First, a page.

Issue #3 has the 1st appearance of his wife, M'yri'ah and reveals what happened to his people. This limited series was written by J.M Dematteis. Dematteis also previously defined the character in the Justice League and Justice League International series as well by giving him quirks, such as his obsession for Oreo cookies.

The details of the origin revamped here is considered canon for the character of Martian Manhunter. Highly over-looked and still a sleeper by all means. Martian Manhunter #1 volume 1 has the cover date of May, 1988.

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JLA #1
1st appearance of Hyperclan
1st issue to comic series

White Martians were 1st introduced as a super-powered team calling themselves the Hyperclan. Their leader was Protex, and he was joined by seven members in his first appearance.

Apparently there are three types of martians - White Martians, Green Martians, and Yellow Martians. White Martians are, according to continuity, more warlike while Green Martians are peaceful.

It would be later established that the White Martians and Green Martians are from the same race long ago known as "The Burning". Extremely violent and warlike, The Burning fell victim to the Guardians of the Universe, who decided to split the race into two species - White Martians and Green Martians.

The Guardians of the Universe also implanted the martians instinctive fear of fire. There was a civil war between the two groups and the White Martians were exiled into the "Still Zone". Starting to sound like a Superman mythos here, but whatever.

I believe all this back story was established later between the White and Green Martians. Not sure in what comic this was all revealed in. I will try to dig it up.

Yellow Martians 1st appeared in Wonder Woman #104. It's not yet known whether this group exists in modern continuity, and I think that issue was their only appearance also.

White Martians would become part of Martian Manhunter's mythos, and the race would even spawn a super heroine in the DC Universe. That would come later, and the White Martians were created by Grant Morrison and Howard Porter. JLA #1 has the cover date of January, 1997.

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JLA #4
1st full appearance of White Martian race
1st appearance of Justice League Watch Tower
1st appearance of the Still Zone

This issue reveals that the Hyperclan are indeed martians and just might make it the 1st full appearance of the White Martians in DC Comics. This issue also reveals that the White Martians did experiments on the human race long, long ago told by Protex to Superman before they duke it out in the issue.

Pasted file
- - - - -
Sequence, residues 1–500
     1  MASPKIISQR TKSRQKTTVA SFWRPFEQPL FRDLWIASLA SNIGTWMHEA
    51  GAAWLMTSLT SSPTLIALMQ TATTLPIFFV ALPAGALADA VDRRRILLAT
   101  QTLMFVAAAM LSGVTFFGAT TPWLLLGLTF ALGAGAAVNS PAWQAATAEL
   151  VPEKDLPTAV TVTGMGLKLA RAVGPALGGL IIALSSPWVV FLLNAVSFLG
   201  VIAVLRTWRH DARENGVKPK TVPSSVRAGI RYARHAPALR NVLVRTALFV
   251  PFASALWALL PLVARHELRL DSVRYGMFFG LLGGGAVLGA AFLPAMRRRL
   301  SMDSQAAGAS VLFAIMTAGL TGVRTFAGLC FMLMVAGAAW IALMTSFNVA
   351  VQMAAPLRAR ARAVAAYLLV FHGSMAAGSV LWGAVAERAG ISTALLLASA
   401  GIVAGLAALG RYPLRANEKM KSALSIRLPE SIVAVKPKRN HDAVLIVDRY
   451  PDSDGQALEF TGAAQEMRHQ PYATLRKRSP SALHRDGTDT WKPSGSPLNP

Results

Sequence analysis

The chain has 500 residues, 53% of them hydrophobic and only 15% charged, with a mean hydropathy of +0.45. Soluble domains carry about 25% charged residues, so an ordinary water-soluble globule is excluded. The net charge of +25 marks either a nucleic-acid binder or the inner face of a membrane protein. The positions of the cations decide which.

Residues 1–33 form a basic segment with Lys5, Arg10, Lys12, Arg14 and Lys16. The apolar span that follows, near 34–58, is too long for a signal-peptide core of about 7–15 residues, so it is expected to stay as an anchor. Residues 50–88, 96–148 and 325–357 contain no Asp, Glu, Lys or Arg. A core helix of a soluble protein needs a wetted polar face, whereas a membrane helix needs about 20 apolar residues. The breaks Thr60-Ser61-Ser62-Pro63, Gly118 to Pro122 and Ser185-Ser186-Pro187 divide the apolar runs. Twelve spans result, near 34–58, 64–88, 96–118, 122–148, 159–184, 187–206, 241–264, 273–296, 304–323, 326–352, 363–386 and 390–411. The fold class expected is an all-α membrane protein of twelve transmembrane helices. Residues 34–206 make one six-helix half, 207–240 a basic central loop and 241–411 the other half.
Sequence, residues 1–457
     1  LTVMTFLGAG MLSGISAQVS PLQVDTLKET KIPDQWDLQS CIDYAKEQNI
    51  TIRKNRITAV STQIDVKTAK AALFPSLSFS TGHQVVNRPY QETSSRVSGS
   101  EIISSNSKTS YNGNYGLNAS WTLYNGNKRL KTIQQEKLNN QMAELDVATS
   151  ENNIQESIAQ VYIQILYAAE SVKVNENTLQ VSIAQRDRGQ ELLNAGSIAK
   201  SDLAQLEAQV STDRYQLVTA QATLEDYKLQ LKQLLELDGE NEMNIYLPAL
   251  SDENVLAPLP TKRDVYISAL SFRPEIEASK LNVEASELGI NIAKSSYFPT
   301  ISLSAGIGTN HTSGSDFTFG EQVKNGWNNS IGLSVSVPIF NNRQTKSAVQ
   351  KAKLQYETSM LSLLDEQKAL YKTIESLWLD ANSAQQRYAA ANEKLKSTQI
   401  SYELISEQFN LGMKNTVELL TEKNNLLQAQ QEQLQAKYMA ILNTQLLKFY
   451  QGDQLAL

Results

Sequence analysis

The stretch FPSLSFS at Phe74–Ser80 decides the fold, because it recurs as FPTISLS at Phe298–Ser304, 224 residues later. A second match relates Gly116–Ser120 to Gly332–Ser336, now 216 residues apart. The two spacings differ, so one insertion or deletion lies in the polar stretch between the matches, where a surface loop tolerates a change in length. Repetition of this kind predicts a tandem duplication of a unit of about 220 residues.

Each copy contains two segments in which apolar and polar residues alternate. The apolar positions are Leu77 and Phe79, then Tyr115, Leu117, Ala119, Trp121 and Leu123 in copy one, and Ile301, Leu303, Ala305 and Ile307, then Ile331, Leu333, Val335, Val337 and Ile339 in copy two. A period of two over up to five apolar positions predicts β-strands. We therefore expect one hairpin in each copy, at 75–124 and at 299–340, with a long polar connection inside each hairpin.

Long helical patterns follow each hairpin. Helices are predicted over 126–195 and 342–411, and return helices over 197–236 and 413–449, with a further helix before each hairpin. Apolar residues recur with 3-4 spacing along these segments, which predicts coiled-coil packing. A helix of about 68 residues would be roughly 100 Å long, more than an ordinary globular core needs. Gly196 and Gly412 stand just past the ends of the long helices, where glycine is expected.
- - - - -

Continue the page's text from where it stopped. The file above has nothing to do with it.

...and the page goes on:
The Still Zone is much like the Phantom Zone where the White Martians were banished after their long civil war with the Green Martians. It makes it's 1st appearance in this issue here.

Another important location is first seen in this comic as well. It's the Justice League Watch Tower and houses the "Hall of Justice" atop the tower's peak. It is the conference room for the JLA.

JLA #4 has the cover date of April, 1997.

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1st Martian Manhunter on-going series
1st issue to on-going series

Yes, it would take J'onn J'onzz this long before he ever got his 1st on-going comic series that headlined his name. There were some one-shots before this and the limited series.

The series was written by John Ostrander and lasted 36 issues with 2 annuals and a #0 issue also. The actual order of how this series starts is a bit strange.

The 1st issue of this series is actually this annual #1 here. Then the 2nd issue is actually issue #0 and has the same cover date. The 3rd is Martian Manhunter #1,000,000 which has the cover date of November and issue #1 has the cover date of December.

This comic series brought back the secret identity and detective bit from his original stories as well. Actually, Manhunter would have several secret identities in this comic series.

However, the identity of John Jones is brought back and revised. Unlike Martian Manhunter's original origin in which he makes up the identity of John Jones, John Jones in this series is revealed to have been a real person, and a detective who was killed by corrupt colleagues. 

J'onn J'onzz would assume the real John Jone's identity after his death. Low sales would end this series pretty quickly, but it does have interesting Martian Manhunter keys in the series.

I think this is the issue that depicts J'onn J'onzz carrying the dead body of his daughter when he 1st arrived on Earth. Martian Manhunter Annual #1 has the cover date of October, 1998.

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Alright, gonna make this outro short as I have other things I'm juggling. Hope you enjoyed and I'm thinking Part 5 will be the last of the Martian Manhunter key comics series.

Might not be but there's a good chance. Happy hunting all and see you soon for Part 5. Just click the link below to continue or go back.


  1. Hi champs,

    sorry to interupt the Manhunter series, but just have to shout out how great the art of Neal Adams is. Just read X-Men 58 (first Havok) and have to say it doesn' t look old in any way. That guys pencils and setting look more modern than many modern comics.


  2. I agree about Adams. Sometimes I think his influence can be seen in some artwork of our time, for instance Frank Miller. But of course, only Mr. Miller himself can answer that.

    Speculation Jones